Archive for August 2013
Tuesday was a really hard day. We haven’t had a break in a while, and I was itching to escape. I booked a night away at the weekend, but it has been a relentless run of a couple of months without stopping, and one night away seems like too little, too late.
After another draining day at work, I collected the kids from school, and got ready to head back out- Tuesday evening was the back-to-school open evening for parents at Pudding’s school. No time for dinner.
To say I didn’t feel like going out there would be understatement. The school is a 45 minute drive at the best of times, and after dark in Johannesburg? Not so much the best of times. I try my best to avoid ever driving alone at night. But Spectrummy Daddy was staying with the kids, and I felt like I couldn’t not go.
Traffic was even worse than usual. I left at 5:10 to be there in plenty of time for a 6:30 start, but I soon realized it wasn’t going to be enough. All in all, seven (7!) traffic lights were out on the busy route, and not one of them policed. I turned on the radio only to hear that the alternative route by motorway was in the same condition. As day turned to night, and gridlocked in traffic, I felt a growing sense of unease. My frustrations darkened my mood further, and I let myself go…there.
There is where I imagine an easier life. Where we live close to family and friends, and I can count on them to give us a break when we need one. There is my kids going to a local school and growing up with the same community. There is building a life for us, and living it- not having to do the same thing over, and over, in far away lands. There is easy. Here is hard.
My legs were cramping from riding the clutch for so long that I almost missed driving an automatic. I did my best to avert my curious gaze from the casual prostitution happening at a particular traffic light where I idled for too long. I wanted to call my husband and tell him I was done with here, with this whole Foreign Service life, but I know better than to use a Smartphone here while driving alone in the dark.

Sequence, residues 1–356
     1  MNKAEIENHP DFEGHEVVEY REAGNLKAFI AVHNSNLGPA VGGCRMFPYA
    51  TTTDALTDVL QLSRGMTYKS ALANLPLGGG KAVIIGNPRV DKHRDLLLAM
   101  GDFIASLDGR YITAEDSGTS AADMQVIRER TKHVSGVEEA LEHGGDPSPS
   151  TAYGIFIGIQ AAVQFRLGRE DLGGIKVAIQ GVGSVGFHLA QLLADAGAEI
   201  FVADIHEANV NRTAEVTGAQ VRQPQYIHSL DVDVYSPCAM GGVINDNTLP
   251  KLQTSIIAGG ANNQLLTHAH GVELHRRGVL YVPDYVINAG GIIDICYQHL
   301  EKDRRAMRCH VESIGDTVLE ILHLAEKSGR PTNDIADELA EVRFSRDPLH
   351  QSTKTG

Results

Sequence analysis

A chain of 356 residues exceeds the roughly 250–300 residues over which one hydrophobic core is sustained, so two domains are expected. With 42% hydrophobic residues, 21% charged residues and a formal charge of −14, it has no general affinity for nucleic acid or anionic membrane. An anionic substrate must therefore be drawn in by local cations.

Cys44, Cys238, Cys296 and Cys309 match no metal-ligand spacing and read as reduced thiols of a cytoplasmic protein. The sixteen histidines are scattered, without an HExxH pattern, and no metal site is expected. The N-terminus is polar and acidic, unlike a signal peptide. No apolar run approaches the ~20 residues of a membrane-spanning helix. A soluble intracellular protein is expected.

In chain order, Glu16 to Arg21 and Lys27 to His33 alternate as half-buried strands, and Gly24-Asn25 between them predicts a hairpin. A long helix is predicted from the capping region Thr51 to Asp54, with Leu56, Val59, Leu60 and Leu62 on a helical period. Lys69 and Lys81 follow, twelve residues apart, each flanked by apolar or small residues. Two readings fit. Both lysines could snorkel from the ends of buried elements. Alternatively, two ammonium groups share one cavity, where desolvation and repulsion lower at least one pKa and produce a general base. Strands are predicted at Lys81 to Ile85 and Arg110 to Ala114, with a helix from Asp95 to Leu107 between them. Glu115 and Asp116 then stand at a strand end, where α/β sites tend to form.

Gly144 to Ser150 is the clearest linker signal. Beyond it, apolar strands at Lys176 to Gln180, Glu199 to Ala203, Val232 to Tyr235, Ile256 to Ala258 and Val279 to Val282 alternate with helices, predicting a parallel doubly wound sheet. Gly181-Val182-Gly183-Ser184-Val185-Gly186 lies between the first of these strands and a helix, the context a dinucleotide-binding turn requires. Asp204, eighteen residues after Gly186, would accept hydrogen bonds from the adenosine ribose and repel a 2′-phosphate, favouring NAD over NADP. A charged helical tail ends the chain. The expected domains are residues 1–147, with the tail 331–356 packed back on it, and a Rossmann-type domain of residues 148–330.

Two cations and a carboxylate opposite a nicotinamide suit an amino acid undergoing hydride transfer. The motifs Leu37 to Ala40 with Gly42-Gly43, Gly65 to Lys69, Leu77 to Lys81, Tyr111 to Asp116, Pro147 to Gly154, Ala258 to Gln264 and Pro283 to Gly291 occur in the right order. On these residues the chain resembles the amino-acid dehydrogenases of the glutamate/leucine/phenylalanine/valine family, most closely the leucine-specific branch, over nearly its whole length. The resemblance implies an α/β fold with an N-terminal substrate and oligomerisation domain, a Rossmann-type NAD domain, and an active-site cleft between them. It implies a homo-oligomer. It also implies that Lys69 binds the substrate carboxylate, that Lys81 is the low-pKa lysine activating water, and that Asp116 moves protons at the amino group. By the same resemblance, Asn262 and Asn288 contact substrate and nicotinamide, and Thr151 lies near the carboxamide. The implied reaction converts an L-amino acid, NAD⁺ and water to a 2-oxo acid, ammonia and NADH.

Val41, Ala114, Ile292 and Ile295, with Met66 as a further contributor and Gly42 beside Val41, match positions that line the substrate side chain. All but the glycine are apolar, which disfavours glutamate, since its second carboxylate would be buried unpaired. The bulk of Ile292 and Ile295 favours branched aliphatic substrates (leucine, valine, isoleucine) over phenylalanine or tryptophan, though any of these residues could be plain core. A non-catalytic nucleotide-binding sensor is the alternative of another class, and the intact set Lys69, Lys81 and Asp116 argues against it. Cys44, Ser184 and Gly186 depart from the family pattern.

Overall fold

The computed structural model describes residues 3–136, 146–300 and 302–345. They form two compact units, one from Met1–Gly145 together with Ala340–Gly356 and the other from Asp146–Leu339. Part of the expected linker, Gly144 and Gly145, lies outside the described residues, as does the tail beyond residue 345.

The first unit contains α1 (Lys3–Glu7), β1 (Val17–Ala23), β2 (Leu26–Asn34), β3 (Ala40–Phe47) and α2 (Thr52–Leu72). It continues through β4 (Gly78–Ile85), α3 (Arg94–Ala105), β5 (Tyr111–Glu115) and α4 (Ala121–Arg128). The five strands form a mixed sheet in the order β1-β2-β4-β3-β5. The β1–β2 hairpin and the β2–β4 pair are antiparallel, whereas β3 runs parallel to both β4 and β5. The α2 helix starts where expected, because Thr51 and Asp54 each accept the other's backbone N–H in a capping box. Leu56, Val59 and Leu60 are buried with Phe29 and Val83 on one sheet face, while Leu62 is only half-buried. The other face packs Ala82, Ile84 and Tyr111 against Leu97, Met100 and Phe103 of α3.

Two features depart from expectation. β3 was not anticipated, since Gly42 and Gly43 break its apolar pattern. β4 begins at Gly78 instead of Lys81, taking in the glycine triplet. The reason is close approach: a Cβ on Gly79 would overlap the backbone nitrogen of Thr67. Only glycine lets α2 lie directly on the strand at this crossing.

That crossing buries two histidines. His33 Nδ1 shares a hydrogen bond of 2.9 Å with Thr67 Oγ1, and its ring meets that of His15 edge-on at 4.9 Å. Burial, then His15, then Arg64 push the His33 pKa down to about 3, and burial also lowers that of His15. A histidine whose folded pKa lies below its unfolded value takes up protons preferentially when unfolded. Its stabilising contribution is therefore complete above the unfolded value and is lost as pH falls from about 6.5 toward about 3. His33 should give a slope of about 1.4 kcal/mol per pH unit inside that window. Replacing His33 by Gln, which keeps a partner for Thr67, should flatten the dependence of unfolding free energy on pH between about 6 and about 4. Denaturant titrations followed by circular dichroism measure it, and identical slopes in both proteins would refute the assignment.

Finally, finally, at just after 7 pm, I arrived at the school.
The Director saw me first, and gave me a friendly greeting on first name terms. Next I saw the mother of a child who was in Pudding’s class last year. We hugged, and I started to feel better. Next I got to check out her new classroom, where she’d left me a note asking to check out her “portit.”
I left her a note in return, then got to check out her new classroom, taking note of the many accommodations. As Ms. A, her new teacher had previously let me know- these supports are actually beneficial for all kids, and having them available to all ensured that Pudding isn’t singled out. I felt all my tensions slip away. My girl, she is right where she needs to be.
Next I got to meet Pudding’s art, music, and PE teachers. I had to smile as the new teachers shifted from polite interest to excitement as they found out I was Pudding’s mother. That kid really is a rock star, and I loved hearing all the anecdotes: such as Pudding turning on the music in class- the music teacher convinced it only happens when she talks for too long! Yes, that absolutely sounds like her.
Though it was getting late after a long day, I couldn’t resist popping in to see Pudding’s kindergarten teacher, who was in the middle of reassuring a new parent that her child (who had some differences of their own, but not like Pudding’s) was in the right place.
I couldn’t agree more.
The drive home was just about the complete opposite- I practically flew. What was I even thinking on the ride out there? Of course this isn’t easy, but she is where she belongs, and when we move again, we’ll start up a whole new village.
Here or there, it doesn’t matter. We are always right where we need to be.
First day of First Grade, complete with social story in her hand. First day for Pudding, at least- the rest of her classmates started last Wednesday, but we were still quarantined after the operation. Though I’m anxious to know how her day went, I know she is in good hands. Her new teacher emailed me to say she’d not only read my last post, she’d pinned it to her wall.
“We are all different and we all learn differently.”
Amen to that. I’m glad Pudding is back where she belongs.